The opinion of the court was delivered by: Chief Judge Kane
Presently before the Court is a petition for writ of habeas corpus pursuant to 28 U.S.C. § 2241 (Doc. No. 1) filed by Damion Robison ("Robison"), a federal inmate incarcerated at the Federal Prison Camp at Canaan, Pennsylvania. Along with the petition, he submits a motion seeking leave to proceed in forma pauperis in this matter. (Doc. No. 2.) Also pending are Robison's motion for the appointment of counsel (Doc. No. 3) and motion to void his indictment and judgment (Doc. No. 5). In the petition, Robison challenges his conviction and sentence in the United States District Court for the Southern District of Ohio for the offense of Conspiracy to Distribute and Possession with Intent to Distribute five (5) kilograms or more of cocaine. For the reasons set forth below, the motion to proceed in forma pauperis will be granted for the sole purpose of filing the instant petition, and the petition will be dismissed for lack of jurisdiction.
Robison was indicted by a grand jury on July 12, 2007 on charges of Conspiracy to Distribute and Possession with Intent to Distribute 5 kilograms or more of cocaine in violation of 21 U.S.C. §§ 841 and 846. He ultimately entered a guilty plea to the charges on April 7, 2008. He was later sentenced to a 120 month federal sentence by the United States District Court for the Southern District of Ohio on July 29, 2009. Following sentencing, he filed a motion to amend/correct his Presentence Investigation Report that was denied by the sentencing court on November 7, 2011. No other challenges to the conviction and sentence have been filed. In fact, Robison states that the reason for his filing of the instant petition for writ of habeas corpus pursuant to 28 U.S.C. § 2241 is that relief pursuant to 28 U.S.C. § 2255 has expired under the one (1) year statute of limitations. (Doc. 1, Pet. at 2.)
In the pending petition, Robison challenges his conviction and sentence on several grounds. His major contention is that the United States District Court for the Southern District of Ohio lacked subject matter jurisdiction to entertain his criminal matter and to render judgment against him. He also sets forth additional grounds including the ineffective assistance of counsel, prosecutorial misconduct, defective indictment and illegal search warrant.
This matter is before the Court for screening. 28 U.S.C. § 2243. The petition has been give preliminary consideration pursuant to Rule 4 of the Rules Governing Section 2254 Cases in the United States District Courts, 28 U.S.C. foll. § 2254 (1977)(applicable to § 2241 petition under Rule 1(b)). See Patton v. Fenton, 491 F. Supp. 156, 158-59 (M.D. Pa. 1979). Rule 4 may be applied at the discretion of the district court as it is the duty of the court to screen out frivolous applications and eliminate the burden that would be placed on the respondent by ordering an unnecessary answer. Allen v. Perini, 424 F.2d 134, 141 (6th Cir. 1970).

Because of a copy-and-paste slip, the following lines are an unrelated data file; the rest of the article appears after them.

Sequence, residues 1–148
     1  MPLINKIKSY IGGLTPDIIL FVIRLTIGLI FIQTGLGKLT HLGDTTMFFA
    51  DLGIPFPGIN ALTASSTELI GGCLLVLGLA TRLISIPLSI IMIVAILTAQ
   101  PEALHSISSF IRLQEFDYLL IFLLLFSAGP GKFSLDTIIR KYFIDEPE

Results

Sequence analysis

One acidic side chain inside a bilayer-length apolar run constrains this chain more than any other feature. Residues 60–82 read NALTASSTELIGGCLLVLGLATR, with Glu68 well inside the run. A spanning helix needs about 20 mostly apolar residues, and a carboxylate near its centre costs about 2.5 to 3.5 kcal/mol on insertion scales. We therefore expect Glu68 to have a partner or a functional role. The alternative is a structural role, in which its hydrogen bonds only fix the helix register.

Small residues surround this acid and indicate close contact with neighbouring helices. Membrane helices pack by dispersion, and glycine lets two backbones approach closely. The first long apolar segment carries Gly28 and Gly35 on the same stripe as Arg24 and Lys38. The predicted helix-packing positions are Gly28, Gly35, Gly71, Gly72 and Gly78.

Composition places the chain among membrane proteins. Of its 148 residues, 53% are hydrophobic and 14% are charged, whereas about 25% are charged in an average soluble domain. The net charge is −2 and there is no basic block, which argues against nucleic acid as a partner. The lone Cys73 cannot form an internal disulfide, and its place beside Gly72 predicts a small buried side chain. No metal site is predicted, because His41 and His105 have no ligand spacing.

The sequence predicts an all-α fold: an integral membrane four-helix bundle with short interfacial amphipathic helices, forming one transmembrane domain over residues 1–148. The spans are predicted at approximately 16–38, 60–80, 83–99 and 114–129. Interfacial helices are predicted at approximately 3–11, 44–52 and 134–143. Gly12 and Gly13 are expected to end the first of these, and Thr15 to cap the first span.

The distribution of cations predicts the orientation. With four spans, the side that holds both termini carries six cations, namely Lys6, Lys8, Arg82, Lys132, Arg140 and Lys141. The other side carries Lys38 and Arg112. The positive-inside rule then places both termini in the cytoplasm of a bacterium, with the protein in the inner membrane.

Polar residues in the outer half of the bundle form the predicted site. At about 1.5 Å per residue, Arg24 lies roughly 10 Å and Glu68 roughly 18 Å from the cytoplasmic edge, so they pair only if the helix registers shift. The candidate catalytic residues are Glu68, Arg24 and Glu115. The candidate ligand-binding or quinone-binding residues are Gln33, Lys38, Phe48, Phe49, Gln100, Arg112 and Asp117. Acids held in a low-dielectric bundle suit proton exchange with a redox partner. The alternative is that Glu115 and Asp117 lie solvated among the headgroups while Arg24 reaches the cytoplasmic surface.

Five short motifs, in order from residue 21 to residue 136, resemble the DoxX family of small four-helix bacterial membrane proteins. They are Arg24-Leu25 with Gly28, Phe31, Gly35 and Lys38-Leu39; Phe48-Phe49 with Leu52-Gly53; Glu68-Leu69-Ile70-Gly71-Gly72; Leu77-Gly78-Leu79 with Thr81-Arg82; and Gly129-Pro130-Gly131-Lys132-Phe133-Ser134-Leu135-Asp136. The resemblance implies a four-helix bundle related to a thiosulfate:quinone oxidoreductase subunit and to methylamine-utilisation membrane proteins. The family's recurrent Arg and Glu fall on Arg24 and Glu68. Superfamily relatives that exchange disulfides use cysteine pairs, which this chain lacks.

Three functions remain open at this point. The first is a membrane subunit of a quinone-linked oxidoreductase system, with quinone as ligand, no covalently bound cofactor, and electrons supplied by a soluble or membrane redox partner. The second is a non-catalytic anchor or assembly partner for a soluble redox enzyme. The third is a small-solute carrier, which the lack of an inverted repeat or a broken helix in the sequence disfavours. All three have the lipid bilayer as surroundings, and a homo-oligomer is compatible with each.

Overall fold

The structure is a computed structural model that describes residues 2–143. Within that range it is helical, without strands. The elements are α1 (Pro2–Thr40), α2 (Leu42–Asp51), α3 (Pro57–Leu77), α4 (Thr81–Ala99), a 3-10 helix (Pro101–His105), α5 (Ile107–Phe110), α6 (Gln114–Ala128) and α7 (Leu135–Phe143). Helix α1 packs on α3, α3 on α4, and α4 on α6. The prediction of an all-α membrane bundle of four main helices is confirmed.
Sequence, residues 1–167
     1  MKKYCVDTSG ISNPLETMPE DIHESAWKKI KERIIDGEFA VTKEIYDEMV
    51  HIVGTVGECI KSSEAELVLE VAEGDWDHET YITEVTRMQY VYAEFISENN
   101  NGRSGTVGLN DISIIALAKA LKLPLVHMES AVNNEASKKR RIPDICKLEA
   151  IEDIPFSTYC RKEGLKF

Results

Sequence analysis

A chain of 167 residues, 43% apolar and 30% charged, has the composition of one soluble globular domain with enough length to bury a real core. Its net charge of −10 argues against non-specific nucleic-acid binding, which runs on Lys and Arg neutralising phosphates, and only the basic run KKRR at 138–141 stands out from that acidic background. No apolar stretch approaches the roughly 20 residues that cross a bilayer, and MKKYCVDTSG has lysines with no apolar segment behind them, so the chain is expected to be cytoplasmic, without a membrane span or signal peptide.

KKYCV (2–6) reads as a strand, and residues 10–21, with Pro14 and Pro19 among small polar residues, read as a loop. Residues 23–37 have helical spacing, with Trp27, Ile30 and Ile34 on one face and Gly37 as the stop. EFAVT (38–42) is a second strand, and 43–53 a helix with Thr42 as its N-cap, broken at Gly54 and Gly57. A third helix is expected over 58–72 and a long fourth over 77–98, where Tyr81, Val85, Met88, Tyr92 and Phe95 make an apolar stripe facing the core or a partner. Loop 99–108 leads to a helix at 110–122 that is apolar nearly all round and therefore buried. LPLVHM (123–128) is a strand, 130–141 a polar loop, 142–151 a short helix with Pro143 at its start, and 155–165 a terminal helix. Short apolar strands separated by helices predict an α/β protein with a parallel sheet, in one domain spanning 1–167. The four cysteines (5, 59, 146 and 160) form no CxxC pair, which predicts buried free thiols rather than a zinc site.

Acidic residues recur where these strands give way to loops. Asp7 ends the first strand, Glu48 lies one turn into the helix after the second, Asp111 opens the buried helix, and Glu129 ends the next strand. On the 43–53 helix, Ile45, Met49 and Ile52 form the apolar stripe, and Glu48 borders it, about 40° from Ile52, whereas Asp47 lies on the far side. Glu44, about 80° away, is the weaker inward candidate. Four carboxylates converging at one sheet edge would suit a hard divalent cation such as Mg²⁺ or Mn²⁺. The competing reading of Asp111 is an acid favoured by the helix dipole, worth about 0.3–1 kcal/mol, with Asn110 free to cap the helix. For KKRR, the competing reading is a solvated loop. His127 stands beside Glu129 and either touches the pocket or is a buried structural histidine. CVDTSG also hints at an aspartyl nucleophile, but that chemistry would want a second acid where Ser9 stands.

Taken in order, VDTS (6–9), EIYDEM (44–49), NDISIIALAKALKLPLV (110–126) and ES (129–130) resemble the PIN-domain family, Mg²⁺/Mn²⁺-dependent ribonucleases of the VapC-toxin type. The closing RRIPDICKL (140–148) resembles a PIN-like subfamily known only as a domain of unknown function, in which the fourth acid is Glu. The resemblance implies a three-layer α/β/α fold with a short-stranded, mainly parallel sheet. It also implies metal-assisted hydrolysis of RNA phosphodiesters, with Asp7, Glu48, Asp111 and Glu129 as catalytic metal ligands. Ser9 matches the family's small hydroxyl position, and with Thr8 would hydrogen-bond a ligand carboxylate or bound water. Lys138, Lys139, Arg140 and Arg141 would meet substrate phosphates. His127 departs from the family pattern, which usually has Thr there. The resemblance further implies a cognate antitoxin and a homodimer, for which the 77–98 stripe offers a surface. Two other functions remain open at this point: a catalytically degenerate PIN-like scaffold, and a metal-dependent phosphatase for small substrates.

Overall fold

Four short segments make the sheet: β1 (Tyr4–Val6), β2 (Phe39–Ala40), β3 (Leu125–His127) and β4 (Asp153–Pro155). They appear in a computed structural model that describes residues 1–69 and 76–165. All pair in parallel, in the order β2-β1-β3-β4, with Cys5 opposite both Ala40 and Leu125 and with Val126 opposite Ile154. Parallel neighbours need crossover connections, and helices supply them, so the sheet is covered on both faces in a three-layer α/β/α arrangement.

Challenges to the legality of federal convictions or sentences that are allegedly in violation of the Constitution may generally be brought only in the district of sentencing pursuant to 28 U.S.C. § 2255. Okereke v. United States, 307 F.3d 117 (3d Cir. 2002)(citing Davis v. United States, 417 U.S. 333, 342 (1974)); see In re Dorsainvil, 119 F.3d 245 (3d Cir. 1997).
Once relief is sought via section 2255, an individual is prohibited from filing a second or subsequent 2255 petition unless the request for relief is based on "newly discovered evidence" or a "new rule of constitutional law." 28 U.S.C. § 2255.
Further, such claims may not be raised in a § 2241 petition except in unusual situations where the remedy by motion under § 2255 would be inadequate or ineffective. See 28 U.S.C. § 2255; see Dorsainvil, 119 F.3d at 251-52. Importantly, § 2255 is not "inadequate or ineffective" merely because the sentencing court has previously denied relief. See id. at 251. Nor do legislative limitations, such as statutes of limitation or gatekeeping provisions, placed on § 2255 proceedings render the remedy inadequate or ineffective so as to authorize pursuit of a habeas corpus petition in this Court. Cradle v. United States, 290 F.3d 536, 539 (3d Cir. 2002); United States v. Brooks, 230 F.3d 643, 647 (3d Cir. 2000); Dorsainvil, 119 F.3d at 251. If a petitioner improperly challenges a federal conviction or sentence under section 2241, the petition must be dismissed for lack of jurisdiction. Application of Galante, 437 F.2d 1164, 1165 (3d Cir. 1971).
In the instant case, Robison attempts to raise claims in the pending § 2241 petition that clearly fall within the purview of § 2255 and have been known to him since the time of his conviction and sentencing. As noted above, he may not raise his present claims in a § 2241 petition without establishing that the remedy by motion under § 2255 would be inadequate or ineffective. See 28 U.S.C. § 2255; see Dorsainvil, 119 F.3d at 251-52. Clearly, he is unable to establish inadequacy or ineffectiveness as he admits his inability to pursue such relief is only prevented by the fact that he is now time-barred from pursuing such relief. He does not base his present action on newly discovered evidence or a new rule of constitutional law that has been made retroactive to cases on collateral appeal. His personal inability to utilize § 2255 does not establish the inadequacy or ineffectiveness of said remedy. Further, even if he had raised his claims pursuant to a § 2255 motion, his lack of success in that forum would not entitle him to proceed pursuant to § 2241. The remedy afforded under § 2241 is not an additional, alternative, or supplemental remedy to that prescribed under § 2255. Consequently, the Court will dismiss this § 2241 petition for lack of jurisdiction. An appropriate order follows.
IN THE UNITED STATES DISTRICT COURT FOR THE MIDDLE DISTRICT OF PENNSYLVANIA
DAMION ROBISON, Petitioner, v. : RONNIE ...